“You cannot truly listen to anyone and do anything else at the same time." —M. Scott Peck, author of The Road Less Traveled.
Active listening is a way of listening that involves full attention to what is being said for the primary purpose of understanding the speaker. It is an important skill set for many different circumstances, ranging from the therapist’s office to the business world. If we are not listening actively, we are likely to miss the real message.
In my experience as a clinician, the ability to use active listening is essential for the long-term happiness of most couples. Attachment Theory has helped us understand that the most basic emotional needs of human beings include the need to be heard and the need to feel important to our partners (Johnson, 2008). One of the most common complaints that I hear during couples counseling sessions is one partner saying to the other: “You never listen to me!”
Social science research also evidences the crucial importance of active listening. Psychologist Willard Harley identified the 10 most common emotional needs of individuals in partner relationships (Harley, 2001). Among these top 10 was the need for “intimate conversation.” He described this need as being met by having discussions to inform or ask questions, discussing topics of mutual interest, and the willingness to listen to each other. More to the point, intimate conversation required giving and receiving undivided attention.
How to be an active listener
1. Listen without making judgments or taking a position on an issue. Gain an understanding of the situation from the other’s point of view.
2. Allow the speaker to finish thoughts without interruption. This usually includes brief periods of silence, such as a few seconds. It may take some practice before being able to know how long to wait before making some type of response. If unsure, it is always better to wait too long rather than speak too soon and interrupt the speaker’s thoughts.
3. Show that your attention is focused. Make eye contact, lean in towards the speaker when your interest peaks, and share any humor with a smile or other natural response.
4. Repeat what you have heard to check for accuracy. Use the speaker’s exact words when in doubt that you have heard accurately; more often, it is better to paraphrase what was said.
5. Ask questions as needed when you don’t understand what the speaker is trying to communicate, particularly when you’re trying to grasp the main point of their statement.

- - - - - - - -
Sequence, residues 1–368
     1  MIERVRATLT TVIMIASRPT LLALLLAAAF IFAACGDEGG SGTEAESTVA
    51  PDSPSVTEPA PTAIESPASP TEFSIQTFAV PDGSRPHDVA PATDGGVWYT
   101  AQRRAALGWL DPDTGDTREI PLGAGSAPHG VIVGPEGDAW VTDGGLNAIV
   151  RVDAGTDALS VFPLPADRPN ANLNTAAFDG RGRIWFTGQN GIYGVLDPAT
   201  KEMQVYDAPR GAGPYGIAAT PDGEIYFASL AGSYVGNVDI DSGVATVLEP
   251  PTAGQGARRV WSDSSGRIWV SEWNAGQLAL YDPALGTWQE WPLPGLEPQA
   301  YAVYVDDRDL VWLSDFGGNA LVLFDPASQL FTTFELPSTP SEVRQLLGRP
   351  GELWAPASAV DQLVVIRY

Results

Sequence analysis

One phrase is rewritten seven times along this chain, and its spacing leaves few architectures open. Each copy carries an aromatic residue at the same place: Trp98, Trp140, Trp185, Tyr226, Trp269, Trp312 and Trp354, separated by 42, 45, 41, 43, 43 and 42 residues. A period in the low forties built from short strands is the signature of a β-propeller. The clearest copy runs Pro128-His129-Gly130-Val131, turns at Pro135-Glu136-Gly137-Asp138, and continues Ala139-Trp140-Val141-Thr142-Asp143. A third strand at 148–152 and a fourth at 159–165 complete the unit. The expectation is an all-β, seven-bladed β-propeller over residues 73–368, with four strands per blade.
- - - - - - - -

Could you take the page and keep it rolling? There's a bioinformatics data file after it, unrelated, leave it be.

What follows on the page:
6. Give a short summary to indicate that you have heard and understood what was said.
7. Optional: As the final step, but not sooner, you may choose to share similar situations that you’ve experienced or your own views about the issue. You may even share a completely different opinion than that expressed, as long as that sharing is done after you have understood what was communicated to you.
“The biggest communication problem is we do not listen to understand. We listen to reply.” —Stephen R. Covey, author of The 7 Habits of Highly Effective People.
What to avoid during active listening
1. Interrupting a sentence. Even if there is a long pause, one should first encourage the completion of the thought by the speaker.
2. Failing to make eye contact. Breaks from eye contact are normal and expected, but a total lack of eye contact communicates a lack of attention.
3. Rushing the speaker. This can be a challenge, particularly when the speaker goes into excessive or unrelated details to tell their story. Do your best to politely encourage them to move along with the point.
4. Getting distracted by other thoughts, or events nearby, and losing focus. Daydreaming while pretending to listen is probably only going to frustrate the speaker.
5. Over focus upon certain details, or asking about minor details that distract from the speaker’s point.
6. Changing the subject abruptly. This includes interjecting an account of “something similar that happened to me.”
7. Making jokes or sarcastic comments which distract from the points being made. Save the humor for later in the conversation.
8. Listening to decide what your reply should be. This is a common risk when the speaker is expressing a complaint and the listener begins to feel defensive. The natural tendency would be to shift focus to “how will I defend myself from this accusation?” or “how will I prove them wrong?” If you have actively listened, you may learn that you don’t need to defend yourself. Your partner may not be blaming you for anything. If blame has been thrown at you, you will have your chance to speak your own thoughts after you’ve listened to the complaint.
“There is a difference between truly listening and waiting for your turn to talk.” —Ralph Waldo Emerson.
As the great American poet Emerson suggested, you will have your turn to talk. There is really nothing to gain in a partner relationship by skipping the first step: active listening. Very often, the partner who needs to be heard is simply needing to vent some frustration and to know that you care enough to listen, even if there’s nothing you can do to “fix the problem.” Listening attentively may be the best thing you can do to create a more satisfying partnership.
We all need to be heard by those closest to us, regardless of whether we’re right or wrong, and rational or irrational. Whatever the circumstances, the process of listening has a high likelihood of transforming the relationship in a positive way.
Johnson, Susan (2008). Hold Me Tight: Seven Conversations for a Lifetime of Love. Little, Brown, & Company.
Harley, Willard F. (2001). His Needs, Her Needs: Building An Affair-Proof Marriage. Fifteenth Anniversary Edition. Revell Publishing.